The Strange Sexual Quirk of Filipino Seafarers – The Atlantic
How the pressures of the shipping industry have shaped everything about this maritime culture. Right down to their penile implants.
When Norwegian anthropologist Gunnar Lamvik first began living in Iloilo city, a seafaring haven in the southern Philippines, he sensed he wasn’t getting the richest and most detailed information about the shipping experience from interviews with his neighbors, who were home on two-month vacations from 10 months at sea. To crack the cultural mystery of any total institution, you have to go inside, he reasoned. “If you [want] a feeling of a seafarer’s life, you have to be at sea with them when they are open,” said Lamvik, who now studies how cultural differences affect occupational safety at a Norway-based think-tank called SINTEF. “It’s important to be on board for some time, and build trust. That’s the crucial thing to do.”
For the next three years, he was on and off ships, floating with his subjects from port to port and trying to make that connection.
At a raucous karaoke crew member party somewhere in the middle of the Indian Ocean, it began to happen. He belted out the lyrics to “House of the Rising Sun.” Then, he insisted on singing it again. “That was a real ice breaker,” he said.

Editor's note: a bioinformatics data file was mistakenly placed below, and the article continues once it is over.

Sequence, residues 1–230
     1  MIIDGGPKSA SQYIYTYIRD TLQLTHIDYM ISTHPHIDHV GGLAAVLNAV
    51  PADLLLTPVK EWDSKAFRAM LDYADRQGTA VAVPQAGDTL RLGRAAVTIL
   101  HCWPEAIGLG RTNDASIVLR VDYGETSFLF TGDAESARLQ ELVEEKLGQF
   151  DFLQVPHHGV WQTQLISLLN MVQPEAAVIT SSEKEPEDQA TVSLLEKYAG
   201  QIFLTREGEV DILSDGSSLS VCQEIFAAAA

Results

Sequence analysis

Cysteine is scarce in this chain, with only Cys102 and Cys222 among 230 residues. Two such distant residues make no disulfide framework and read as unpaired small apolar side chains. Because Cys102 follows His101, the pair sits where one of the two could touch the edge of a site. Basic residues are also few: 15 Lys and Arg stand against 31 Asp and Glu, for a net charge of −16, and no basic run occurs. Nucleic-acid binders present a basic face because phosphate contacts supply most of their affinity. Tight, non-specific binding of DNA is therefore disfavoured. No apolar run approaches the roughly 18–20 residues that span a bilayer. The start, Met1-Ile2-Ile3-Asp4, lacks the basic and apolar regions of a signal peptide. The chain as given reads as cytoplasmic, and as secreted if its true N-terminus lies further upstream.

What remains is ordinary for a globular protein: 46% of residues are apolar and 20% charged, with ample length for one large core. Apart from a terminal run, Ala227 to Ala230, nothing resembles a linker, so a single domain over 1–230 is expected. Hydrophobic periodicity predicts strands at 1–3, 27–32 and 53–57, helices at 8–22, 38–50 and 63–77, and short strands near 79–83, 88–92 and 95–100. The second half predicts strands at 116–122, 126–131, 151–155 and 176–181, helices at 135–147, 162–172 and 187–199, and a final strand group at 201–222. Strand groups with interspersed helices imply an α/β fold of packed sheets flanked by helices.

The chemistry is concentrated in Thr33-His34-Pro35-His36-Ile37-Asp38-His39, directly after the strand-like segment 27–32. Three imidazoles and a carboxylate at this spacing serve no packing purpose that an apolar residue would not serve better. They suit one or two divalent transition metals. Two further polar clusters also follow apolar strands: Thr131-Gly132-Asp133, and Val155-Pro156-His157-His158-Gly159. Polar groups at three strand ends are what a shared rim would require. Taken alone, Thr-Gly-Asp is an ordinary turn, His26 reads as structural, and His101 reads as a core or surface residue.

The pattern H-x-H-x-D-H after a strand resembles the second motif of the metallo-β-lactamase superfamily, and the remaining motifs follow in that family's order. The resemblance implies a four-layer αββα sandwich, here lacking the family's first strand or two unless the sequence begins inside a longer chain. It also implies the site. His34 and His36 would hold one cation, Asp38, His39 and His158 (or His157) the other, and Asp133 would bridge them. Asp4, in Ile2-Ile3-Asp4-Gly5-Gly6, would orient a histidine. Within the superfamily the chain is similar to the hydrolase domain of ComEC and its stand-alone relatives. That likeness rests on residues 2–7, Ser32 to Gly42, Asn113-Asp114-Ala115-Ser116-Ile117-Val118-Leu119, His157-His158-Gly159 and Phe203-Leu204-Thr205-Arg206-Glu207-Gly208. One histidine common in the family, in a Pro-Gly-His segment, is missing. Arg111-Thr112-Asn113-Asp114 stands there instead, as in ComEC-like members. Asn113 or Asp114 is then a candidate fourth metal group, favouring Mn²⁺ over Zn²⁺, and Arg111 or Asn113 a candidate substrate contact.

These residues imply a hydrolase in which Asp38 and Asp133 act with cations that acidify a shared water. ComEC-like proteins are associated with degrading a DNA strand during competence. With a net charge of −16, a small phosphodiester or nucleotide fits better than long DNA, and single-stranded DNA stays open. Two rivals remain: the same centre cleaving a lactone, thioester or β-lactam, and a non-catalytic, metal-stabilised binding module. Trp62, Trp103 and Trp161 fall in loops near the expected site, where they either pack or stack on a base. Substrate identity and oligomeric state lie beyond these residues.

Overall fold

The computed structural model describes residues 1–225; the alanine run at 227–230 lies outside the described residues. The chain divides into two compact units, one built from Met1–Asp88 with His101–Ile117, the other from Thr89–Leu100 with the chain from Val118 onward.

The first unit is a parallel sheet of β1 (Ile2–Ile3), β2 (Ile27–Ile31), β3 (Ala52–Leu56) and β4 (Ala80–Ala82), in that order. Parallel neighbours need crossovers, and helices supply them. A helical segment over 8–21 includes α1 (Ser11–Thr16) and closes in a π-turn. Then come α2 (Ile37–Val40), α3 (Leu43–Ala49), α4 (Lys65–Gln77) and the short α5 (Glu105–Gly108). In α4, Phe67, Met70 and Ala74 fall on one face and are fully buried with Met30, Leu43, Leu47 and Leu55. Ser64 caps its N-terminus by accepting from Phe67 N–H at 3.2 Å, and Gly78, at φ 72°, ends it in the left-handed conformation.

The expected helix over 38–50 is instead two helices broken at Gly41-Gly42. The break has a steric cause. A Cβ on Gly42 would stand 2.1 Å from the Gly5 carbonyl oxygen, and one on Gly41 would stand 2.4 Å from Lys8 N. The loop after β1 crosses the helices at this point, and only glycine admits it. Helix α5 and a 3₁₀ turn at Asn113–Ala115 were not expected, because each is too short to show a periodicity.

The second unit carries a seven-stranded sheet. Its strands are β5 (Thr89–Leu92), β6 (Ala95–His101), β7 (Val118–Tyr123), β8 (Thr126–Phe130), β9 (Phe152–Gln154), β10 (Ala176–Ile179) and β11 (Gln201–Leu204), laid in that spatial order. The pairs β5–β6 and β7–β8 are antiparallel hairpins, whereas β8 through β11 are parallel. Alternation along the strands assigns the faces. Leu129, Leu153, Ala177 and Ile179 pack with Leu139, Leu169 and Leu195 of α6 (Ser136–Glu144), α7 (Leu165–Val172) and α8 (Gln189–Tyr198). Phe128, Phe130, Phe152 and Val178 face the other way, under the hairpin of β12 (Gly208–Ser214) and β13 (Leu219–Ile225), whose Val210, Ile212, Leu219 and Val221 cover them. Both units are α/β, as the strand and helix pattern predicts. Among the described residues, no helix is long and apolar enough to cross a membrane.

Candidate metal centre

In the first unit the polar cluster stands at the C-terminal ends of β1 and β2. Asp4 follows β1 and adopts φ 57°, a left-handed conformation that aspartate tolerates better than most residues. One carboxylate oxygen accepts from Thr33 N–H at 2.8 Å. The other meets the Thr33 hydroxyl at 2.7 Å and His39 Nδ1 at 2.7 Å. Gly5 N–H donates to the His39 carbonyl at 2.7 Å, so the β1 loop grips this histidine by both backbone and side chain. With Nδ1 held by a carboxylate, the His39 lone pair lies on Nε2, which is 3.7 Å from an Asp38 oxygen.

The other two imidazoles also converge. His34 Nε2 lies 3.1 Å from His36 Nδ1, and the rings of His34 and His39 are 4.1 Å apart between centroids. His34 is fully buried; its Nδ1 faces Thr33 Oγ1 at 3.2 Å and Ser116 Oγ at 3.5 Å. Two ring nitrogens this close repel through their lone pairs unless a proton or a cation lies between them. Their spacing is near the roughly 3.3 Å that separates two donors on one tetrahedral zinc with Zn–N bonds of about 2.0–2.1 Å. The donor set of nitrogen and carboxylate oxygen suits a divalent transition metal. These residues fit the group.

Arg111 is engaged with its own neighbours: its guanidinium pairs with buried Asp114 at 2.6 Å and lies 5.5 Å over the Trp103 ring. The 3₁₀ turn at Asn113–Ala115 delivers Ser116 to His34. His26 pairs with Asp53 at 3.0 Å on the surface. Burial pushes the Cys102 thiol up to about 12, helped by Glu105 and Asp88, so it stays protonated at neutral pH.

It was in this type of loose, booze-flowing setting that he learned the most about the lives of his shipmates. And soon, conversations turned to perhaps the most fascinating part of the Filipino seafaring identity, the little-known and barely studied sexual practice of “bolitas,” or little balls.
Many Filipino sailors make small incisions in their penises and slide tiny plastic or stone balls — the size of M&M’s — underneath the skin in order to enhance sexual pleasure for prostitutes and other women they encounter in port cities, especially in Rio de Janeiro. “This ‘secret weapon of the Filipinos,’ as a second mate phrased it, has therefore obviously something to do,” Lamvik wrote in his thesis, “‘with the fact that ‘the Filipinos are so small, and the Brazilian women are so big’ as another second mate put it.”